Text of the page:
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"Watch what (the Fed is) doing, not what (it) is saying," says Jim Grant, noting the Fed's...

"Watch what (the Fed is) doing, not what (it) is saying," says Jim Grant, noting the Fed's balance sheet has been contracting at a 10% annualized rate. Unless the Fed keeps buying securities, the balance sheet will continue to shrink, i.e. doing nothing is equivalent to tightening policy. It's the best reason yet, Grant says, to expect additional QE.
Comments (1)
  • Tack
    , contributor
    Comments (13579) | Send Message
    The Fed is doing exactly what it said it was going to do ever since the end of QE2. It implemented "twist" as sort of a "halfway house" between QE and doing nothing, with the intention of moderating the impact that the fed was having on money-supply creation. A look at any money-supply chart will confirm that since June 2011, money supply has been flat or contracting.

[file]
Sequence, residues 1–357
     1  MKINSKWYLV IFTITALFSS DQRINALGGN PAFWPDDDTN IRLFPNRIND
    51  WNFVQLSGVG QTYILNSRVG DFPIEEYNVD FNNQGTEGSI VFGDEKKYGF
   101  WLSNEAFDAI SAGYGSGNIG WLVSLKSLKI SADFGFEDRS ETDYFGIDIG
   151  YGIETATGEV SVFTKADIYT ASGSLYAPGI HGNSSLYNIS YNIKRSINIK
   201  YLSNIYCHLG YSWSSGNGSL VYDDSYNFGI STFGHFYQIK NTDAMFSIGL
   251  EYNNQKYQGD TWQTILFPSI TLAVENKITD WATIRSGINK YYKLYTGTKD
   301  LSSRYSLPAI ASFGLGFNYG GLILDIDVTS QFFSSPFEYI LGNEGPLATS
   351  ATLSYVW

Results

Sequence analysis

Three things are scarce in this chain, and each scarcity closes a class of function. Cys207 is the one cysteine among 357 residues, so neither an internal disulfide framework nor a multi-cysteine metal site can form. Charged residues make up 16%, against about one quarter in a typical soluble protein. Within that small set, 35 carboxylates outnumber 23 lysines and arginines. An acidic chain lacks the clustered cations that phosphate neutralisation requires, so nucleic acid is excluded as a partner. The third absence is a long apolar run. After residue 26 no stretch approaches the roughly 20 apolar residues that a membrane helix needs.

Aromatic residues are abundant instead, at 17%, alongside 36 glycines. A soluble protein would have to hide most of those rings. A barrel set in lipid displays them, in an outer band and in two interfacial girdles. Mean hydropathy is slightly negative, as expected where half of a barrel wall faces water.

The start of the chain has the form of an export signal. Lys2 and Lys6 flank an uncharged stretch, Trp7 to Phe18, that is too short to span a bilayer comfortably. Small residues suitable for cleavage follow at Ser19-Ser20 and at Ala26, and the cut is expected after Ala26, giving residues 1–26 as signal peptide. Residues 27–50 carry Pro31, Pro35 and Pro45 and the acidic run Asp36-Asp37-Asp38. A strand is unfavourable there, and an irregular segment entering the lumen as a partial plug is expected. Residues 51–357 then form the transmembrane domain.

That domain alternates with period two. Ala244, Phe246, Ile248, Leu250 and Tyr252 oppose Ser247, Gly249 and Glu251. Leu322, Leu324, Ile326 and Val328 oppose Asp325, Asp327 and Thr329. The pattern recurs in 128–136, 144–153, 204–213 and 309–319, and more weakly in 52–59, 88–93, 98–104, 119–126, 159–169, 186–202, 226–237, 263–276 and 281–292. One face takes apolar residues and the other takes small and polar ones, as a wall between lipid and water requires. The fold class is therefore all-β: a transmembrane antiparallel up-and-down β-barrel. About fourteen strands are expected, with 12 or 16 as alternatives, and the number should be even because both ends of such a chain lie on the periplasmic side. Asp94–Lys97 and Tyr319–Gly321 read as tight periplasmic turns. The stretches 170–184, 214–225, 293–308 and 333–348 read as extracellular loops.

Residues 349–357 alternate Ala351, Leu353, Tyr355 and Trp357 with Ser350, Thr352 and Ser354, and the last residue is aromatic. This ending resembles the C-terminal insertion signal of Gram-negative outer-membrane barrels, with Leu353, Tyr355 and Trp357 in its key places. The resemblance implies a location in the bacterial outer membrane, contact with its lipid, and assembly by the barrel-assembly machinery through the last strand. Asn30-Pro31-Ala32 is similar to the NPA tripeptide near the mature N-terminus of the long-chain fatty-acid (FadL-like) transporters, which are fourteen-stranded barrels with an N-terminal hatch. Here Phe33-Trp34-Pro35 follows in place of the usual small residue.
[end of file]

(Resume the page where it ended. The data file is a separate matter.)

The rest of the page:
To suggest that this contraction is, now, somehow a clever ploy to set up more QE is simply unsupported by the Fed's (especially Bernanke's) words or actions and is more suggestive of the constant disbelief of some that the economy and markets can sustain themselves without some artificial mechanism supplied by the Fed.


    The Fed is only going to act, again, in an expansionary manner if the economy shows definite signs of deteriorating into contraction, not just slower growth.
    7 Jun 2012, 11:14 AM Reply Like
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